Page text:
This incident introduces us to Tad, Gus' partner and friend, his current lady love, Judy Finch, an ice carver, and begins Gus' slow slide--or rather, illustrates it--into financial oblivion.
There's a lot going on in this book--a protest about a book at the library and calls to censor it, Natives dying in detox vans or under one of the bridges, businesses packing up and leaving town, and a whole slew of other events that underscore the desperate times the city is going through.
This was a bleak time in Fairbanks history--money was tight for government and individual alike after years of being flush from the oil flowing through the state, people were losing homes and businesses--in this, Gus is not unique. And it's winter, cold and dark and dreary.
"Sometimes winter closes down on Fairbanks like a cell door. This was one of those winters, arriving with a bitter Halloween."
The novel is well-researched, rich in detail and history. It is recognizable, to some extent.
But the Fairbanks I know is not like the bleak, dreary place depicted here, and the people who live here are definitely not quitters. With its history of ups and downs, Fairbanks, of all the boom-and-bust towns in the United States, knows how to rebound from adversity. These Fairbanksans don't seem to have that quality.
And while the characters are richly drawn, they are all archetypes, representing a symbol in the mythology of that sad time.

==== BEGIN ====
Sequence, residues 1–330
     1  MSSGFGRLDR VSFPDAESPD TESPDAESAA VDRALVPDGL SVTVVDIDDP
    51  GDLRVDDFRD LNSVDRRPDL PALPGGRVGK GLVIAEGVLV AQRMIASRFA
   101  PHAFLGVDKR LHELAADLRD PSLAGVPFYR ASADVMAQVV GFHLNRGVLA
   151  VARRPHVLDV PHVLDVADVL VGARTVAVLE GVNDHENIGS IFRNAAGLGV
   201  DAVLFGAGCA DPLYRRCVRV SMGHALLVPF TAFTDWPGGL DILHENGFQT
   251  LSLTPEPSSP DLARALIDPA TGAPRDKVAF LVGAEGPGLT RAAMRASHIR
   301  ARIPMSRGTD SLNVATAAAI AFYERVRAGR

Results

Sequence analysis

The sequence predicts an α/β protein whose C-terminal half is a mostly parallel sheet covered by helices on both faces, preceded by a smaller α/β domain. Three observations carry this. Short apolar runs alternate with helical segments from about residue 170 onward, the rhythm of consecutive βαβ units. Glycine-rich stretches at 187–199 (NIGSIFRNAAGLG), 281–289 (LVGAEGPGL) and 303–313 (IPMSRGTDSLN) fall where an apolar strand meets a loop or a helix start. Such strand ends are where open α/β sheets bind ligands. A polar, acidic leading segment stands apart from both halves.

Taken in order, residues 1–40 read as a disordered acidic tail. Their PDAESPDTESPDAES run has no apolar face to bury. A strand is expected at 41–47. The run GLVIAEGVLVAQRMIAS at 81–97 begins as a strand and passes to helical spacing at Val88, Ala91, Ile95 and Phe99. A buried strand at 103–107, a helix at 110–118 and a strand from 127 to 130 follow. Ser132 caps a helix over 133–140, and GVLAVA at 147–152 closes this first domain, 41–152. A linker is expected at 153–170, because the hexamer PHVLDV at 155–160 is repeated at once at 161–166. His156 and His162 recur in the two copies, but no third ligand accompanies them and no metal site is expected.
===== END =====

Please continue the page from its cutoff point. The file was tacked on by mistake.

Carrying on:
There's Gus, the optimistic, born-again Alaskan, embracing his adopted state almost more tightly than the state-born. Noreen, his bitter, defeated-in-love sister who is at loose end, and thus comes to Alaska to find herself. Felix is the outsider, the odd-ball who doesn't fit in anywhere else, so he comes to Alaska because odd is accepted here.
Gayle is very archetypal as the Native woman who grew up in a village, has seen hard times, including four failed marriages and a 16-yeart-old son (she's in her early 40s), whose cousin dies alone and mysteriously of drug and/or alcohol abuse under a bridge in the cold.
Perhaps the biggest symbol is Tad Suliman, and to an extent, his girlfriend. These are the "exploiters," who see Alaska as a giant cash machine, ripe for the plucking. Tad is the developer, chopping trees down and throwing up ugly buildings willy nilly for the money it generates. Judy Finch is a smaller symbol, an artist who comes up for the Ice Festival, carves her piece and leaves.
While archetypes are useful to illustrate and make a point, they don't grow, don't change, don't learn from their surroundings. They are, in a sense, flat and nondimensional, and in the end, really don't serve the reader well.
At least, for me. I like characters to grow and learn from the trials they go through. Archetypes can't do that.
And, Gus disappoints me. As a journalist, I take integrity quite seriously--to allow advertisers to dictate content really goers against my grain. And Gus, when his little weekly begins to annoy advertisers, tries to tone things down. He allows a local realtor to read copy before printing, since she's buying extra copies for distribution. The list goes on. It starts back at the beginning--when Gayle finds that Tad Suliman is behind the tree massacre, Gus hesitates to run the story--he doesn't want to anger his biggest investor.
But once you take that first step down the slippery slope, like an avalanche, it becomes unstoppable. That one step turned Gus from sympathetic to annoying.
For the historic details, this book does capture the time: the fight to keep Nordstrom's in town, the grief at the loss of nature to development, the concern that some of the state's residents have failed to share in any of the largesse, is interesting.
But don't expect to finish this book with smiles and a sense that we in this town can do anything.